Covering the War, with Saad Mohseni

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Saad Mohseni is one of Afghanistan’s most influential businesspeople, and the co-founder of it’s most popular television network, TOLO TV.

He is the son of an Afghan diplomat who, soon after the 1979 Soviet invasion, sought political asylum in Australia. There, he worked in finance until the fall of the Taliban regime in 2001, when he returned to Kabul with his brothers in search of business opportunities.

The three brothers founded MOBY Group in 2003, and within a couple of years had established Arman FM, Afghanistan’s first privately owned radio station, a revelation in a country where music and independent news had been banned under the Taliban regime, and by far it’s most popular radio show today.

Next, came TOLO TV, which produced its 15th season of the hit music talent show Afghan Star this year. The Pashto language Lemar TV came in 2006 and then, in 2010, TOLO News, Afghanistan’s first 24 hour television news network and, again, the country's most popular today.

I spoke with Mohseni the same day intra-Afghan talks were getting underway in Doha, and asked him whether he still felt, as he said a year ago, whether the US had thrown Afghanistan under a bus in an effort to end its military involvement in the country.

We talked about his lack of confidence in the team negotiating on behalf of the Afghan government, and his belief that at least a minimal U.S. military presence should remain in the country to ensure agreements between all parties are adhered to and, just as importantly, to keep Afghanistan’s neighbours in check.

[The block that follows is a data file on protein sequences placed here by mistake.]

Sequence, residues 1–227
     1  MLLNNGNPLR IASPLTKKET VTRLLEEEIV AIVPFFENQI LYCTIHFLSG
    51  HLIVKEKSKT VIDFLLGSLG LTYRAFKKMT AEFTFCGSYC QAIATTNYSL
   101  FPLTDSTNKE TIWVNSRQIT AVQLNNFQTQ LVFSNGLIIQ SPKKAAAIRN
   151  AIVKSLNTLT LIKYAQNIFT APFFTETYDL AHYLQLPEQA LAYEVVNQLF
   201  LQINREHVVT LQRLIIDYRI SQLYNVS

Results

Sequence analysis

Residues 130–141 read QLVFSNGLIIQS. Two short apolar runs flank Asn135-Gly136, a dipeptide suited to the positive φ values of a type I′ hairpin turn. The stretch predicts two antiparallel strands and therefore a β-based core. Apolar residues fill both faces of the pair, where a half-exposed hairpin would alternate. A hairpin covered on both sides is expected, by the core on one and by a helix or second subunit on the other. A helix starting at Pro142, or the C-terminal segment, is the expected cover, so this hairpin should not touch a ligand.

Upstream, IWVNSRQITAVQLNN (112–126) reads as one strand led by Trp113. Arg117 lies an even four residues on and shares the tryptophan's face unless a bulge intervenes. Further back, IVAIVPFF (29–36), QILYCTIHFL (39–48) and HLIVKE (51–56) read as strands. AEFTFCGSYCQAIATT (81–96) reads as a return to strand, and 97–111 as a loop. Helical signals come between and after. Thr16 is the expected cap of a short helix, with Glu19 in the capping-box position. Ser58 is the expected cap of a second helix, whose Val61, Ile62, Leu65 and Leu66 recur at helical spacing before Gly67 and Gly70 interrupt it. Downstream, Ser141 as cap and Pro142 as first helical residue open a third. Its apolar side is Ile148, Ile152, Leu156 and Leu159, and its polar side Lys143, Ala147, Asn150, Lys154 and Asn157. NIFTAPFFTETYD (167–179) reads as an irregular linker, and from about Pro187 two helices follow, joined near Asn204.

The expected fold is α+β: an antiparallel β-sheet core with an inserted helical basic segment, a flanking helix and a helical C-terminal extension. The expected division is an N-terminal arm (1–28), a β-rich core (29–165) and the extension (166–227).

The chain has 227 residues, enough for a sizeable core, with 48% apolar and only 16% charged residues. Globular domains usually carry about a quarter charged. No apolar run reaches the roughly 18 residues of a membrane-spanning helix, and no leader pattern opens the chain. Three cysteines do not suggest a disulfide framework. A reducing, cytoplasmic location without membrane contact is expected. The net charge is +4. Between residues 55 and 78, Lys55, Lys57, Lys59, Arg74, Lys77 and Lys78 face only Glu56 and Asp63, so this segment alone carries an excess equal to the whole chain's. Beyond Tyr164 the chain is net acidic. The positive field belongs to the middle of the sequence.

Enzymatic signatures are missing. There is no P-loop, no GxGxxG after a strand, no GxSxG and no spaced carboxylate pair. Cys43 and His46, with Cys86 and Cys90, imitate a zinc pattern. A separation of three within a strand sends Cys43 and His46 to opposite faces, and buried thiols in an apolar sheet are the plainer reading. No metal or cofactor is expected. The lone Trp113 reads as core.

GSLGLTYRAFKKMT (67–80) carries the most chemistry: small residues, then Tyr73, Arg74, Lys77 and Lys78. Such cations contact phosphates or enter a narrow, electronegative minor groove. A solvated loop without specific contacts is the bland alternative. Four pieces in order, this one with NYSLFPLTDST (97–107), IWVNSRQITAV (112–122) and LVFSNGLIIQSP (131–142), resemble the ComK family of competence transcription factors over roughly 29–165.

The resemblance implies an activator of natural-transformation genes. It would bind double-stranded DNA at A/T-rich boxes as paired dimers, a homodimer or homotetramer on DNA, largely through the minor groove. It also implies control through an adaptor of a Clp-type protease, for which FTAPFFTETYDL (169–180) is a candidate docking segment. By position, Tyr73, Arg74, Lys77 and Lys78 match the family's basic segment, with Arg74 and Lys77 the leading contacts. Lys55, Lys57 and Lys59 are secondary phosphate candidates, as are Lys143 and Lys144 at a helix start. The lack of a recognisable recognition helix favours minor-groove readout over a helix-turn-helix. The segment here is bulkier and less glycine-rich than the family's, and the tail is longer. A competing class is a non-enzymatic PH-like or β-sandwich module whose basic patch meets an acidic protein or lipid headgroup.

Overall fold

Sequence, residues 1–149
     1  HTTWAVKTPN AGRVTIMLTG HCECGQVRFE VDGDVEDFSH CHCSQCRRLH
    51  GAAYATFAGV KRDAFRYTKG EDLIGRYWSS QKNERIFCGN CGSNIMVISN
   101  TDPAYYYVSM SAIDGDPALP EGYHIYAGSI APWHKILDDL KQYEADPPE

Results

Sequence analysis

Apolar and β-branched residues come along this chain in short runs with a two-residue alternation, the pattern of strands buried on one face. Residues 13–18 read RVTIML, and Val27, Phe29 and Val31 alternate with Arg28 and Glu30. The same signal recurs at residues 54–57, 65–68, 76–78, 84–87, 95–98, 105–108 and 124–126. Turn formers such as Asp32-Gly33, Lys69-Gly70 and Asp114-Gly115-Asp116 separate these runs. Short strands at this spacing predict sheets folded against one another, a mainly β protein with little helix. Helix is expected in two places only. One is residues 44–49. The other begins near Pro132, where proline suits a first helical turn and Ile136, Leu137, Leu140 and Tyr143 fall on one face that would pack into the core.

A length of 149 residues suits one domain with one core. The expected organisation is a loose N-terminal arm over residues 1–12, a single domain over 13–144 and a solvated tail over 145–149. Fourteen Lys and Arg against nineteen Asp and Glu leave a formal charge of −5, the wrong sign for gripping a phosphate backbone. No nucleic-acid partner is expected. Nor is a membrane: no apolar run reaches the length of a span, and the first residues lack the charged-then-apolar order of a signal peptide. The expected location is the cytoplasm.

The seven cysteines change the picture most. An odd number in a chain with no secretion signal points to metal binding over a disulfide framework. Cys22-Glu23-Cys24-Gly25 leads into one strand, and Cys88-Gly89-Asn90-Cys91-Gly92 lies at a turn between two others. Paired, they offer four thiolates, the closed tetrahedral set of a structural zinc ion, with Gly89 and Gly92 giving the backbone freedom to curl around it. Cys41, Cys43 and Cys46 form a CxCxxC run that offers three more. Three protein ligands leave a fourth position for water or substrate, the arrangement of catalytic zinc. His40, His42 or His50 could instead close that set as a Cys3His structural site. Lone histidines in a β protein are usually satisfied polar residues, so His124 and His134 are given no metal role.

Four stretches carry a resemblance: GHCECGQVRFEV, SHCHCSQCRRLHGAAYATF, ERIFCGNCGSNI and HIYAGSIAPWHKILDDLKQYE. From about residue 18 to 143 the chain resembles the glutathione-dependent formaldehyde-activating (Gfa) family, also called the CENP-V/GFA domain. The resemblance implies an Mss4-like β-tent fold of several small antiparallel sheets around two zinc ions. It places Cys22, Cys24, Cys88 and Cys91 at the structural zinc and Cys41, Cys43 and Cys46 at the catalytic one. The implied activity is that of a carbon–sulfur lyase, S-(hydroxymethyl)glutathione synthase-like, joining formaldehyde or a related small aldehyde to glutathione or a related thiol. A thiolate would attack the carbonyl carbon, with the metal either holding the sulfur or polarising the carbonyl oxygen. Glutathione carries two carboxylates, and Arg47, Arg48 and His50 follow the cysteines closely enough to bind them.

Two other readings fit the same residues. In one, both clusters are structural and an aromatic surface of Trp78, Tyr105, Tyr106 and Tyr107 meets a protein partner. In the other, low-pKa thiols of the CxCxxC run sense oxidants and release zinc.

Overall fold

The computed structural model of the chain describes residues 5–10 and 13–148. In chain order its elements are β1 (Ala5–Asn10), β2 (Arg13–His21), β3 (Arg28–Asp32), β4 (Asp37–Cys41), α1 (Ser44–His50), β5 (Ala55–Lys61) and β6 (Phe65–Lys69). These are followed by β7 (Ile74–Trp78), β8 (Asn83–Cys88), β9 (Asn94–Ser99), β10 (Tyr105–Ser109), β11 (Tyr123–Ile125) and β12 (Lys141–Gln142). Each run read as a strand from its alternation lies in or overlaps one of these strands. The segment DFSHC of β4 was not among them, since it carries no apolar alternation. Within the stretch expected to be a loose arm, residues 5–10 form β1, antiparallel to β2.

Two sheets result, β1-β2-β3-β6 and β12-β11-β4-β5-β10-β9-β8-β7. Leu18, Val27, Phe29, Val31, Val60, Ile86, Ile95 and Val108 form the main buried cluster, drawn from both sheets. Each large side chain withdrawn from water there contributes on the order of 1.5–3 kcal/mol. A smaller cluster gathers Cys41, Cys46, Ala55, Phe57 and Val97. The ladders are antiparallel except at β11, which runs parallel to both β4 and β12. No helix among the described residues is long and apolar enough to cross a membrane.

Mohseni talks about the slow creep of progress since 2001, how he sees hope for the future in former hardline Taliban who’ve come off the battlefield into modern lives in Kabul and now own TV sets and watch Turkish soap-operas in the evening.

We discuss corruption and striking a balance between retaining Afghan culture while pushing for progress through his efforts to encourage critical thinking and integrating women into public life and the economy.

And, finally, we talk about the inherent practical and ethical difficulties faced by the media in an environment where one side has declared it a legitimate military target, and about the future of the media industry in Afghanistan at a time when the international funding that props it up is beginning to disappear.

Click here to view the TOLO News documentary Daesh in Afghanistan.

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